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How leadership style impacts followers

Leadership has everything to do with how followers respond to the required action/change. A perfect example is where I worked during an economic downturn in the 1980’s, when I was laid off from my usual job, worked for a pizza restaurant chain in the Seattle area. Because it was a chain, the menu and product sold was the same from place to place. I was 25 years old, so began as the ‘bartender,’ serving beer & wine, and backup scullery, and was soon promoted to supervisor, and ran the kitchen. I floated between three stores, each had a different manger, with different management styles. I will show how tow mangers’ actions impacted the success or problems of each store.

How the store sales, customer satisfaction, and worker retention were significantly different in each store. The worker expectations were different as well: most workers were high school students, and their socio-economic status played into the workers’ commitment and competency.

In the Eastside store, which is close to where Bill Gates lives, had a curious mix of low- and high-socio-economic students. The high-socio-economic workers viewed the job as a status symbol, rather than a valuable source of experience and economic assistance. The rest of the workers needed the money and most didn’t have transportation to any of the other stores, but spent most of their time complaining and gossiping about the manager’s actions. The manager was a 30-something frustrated manager who was stuck at a certain level, because of her attitude and abilities, and often partied, arriving at work the next day stinking of cigarettes, booze, and hung over. She showed up late, uniform dirty, spent most of the time in the office, smoking (that was before smoking was banned from restaurants) and talking to friends on the company phone (cell phones weren’t available yet). Thus, she was a low-support, low-direction (impoverished) supervisor. The workers were angry, did not do a good job, did not clean the facility very well, and the store had high turnover. The best part of this business was take-out – most of the repeat customers seldom visited the store. I’d say that this manger had D3 status, and thus the poor attitude as well as the lack of commitment.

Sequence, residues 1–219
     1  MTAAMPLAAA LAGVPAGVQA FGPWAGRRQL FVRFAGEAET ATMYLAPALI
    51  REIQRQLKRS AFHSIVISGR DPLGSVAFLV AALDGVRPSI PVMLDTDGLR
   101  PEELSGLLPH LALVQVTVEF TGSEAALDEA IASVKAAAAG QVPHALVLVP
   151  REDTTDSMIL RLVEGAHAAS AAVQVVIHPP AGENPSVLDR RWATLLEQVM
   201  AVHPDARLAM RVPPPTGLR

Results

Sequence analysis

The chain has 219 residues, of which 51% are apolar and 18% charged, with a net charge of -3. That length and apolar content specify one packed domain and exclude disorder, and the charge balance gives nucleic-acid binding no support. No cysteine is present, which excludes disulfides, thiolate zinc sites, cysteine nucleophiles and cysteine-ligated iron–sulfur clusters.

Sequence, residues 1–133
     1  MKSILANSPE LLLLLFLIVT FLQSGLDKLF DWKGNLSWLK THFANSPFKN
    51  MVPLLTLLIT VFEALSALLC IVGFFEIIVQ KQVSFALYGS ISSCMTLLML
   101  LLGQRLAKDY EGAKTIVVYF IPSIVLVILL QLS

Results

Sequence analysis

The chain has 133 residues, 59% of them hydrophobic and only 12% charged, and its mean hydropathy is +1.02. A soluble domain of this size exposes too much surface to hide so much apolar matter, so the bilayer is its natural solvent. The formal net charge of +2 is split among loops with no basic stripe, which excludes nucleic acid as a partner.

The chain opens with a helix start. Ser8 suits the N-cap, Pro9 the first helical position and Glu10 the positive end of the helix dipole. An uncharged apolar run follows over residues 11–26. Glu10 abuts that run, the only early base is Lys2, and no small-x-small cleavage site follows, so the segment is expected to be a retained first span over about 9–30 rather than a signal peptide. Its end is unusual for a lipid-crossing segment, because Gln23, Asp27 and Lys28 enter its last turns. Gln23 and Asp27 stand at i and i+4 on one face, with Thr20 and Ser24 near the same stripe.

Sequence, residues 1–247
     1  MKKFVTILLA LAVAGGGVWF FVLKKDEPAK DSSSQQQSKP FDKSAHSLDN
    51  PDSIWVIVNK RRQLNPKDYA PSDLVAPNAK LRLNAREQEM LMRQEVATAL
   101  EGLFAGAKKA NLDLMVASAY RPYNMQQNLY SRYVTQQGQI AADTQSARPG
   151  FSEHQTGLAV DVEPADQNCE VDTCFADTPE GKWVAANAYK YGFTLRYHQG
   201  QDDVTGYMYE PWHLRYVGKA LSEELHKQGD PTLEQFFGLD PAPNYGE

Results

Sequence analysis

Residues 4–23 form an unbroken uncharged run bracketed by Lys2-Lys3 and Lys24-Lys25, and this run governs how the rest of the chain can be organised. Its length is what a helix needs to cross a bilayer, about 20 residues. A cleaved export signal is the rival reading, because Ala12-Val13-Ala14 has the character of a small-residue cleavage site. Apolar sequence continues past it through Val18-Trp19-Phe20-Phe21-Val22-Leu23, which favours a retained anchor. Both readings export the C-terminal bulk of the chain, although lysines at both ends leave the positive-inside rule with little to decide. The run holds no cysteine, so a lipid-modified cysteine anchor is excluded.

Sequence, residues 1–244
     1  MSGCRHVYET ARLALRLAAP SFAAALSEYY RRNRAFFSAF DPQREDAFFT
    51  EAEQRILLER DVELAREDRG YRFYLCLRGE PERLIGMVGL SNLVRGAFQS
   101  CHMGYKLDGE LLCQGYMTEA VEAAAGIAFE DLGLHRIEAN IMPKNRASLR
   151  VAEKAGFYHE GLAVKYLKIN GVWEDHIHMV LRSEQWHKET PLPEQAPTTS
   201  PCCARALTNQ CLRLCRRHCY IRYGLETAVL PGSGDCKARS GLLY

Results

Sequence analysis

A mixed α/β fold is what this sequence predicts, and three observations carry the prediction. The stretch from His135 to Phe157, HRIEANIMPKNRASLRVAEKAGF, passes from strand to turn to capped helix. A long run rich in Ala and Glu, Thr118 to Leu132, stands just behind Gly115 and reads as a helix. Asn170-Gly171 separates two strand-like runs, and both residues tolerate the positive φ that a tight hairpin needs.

The north end store, closest to Boeing and the Port of Everett, who had a new manager, who was still learning management (D1), but had loads of commitment both to higher management and the crew, was well-liked by the workers. The manger, realizing the benefit to him available from the workers who had been with the company the longest, made sure he let them know how much he valued their input, and gave them as much freedom from direction as they wanted. He also had these workers as backup trainers to the newer workers. The workers who had been in the store the longest always provided information as to policies and procedures to the manager, who was appreciative of the assistance. The crew as comprised of mostly low-income high school students who needed the work, so were motivated to making the work situation as comfortable as possible. The store had the highest sales, both take-out and eat-in, with the least employee turnover, highest customer satisfaction, was voted the best pizza store in Everett three years running. Straw Hat sponsored girls’ baseball, and boys’ soccer teams, who always came to this store for team events, even though in most cases, they loved closer to the Eastside store because of how well they were treated.

The north-end store manager went on to be a corporate darling, and kept the franchise going in the Seattle area longer than many others. It needs to be said that the North-end socio-economic resources were nowhere near what the Eastside had available, but did not manage to tap.

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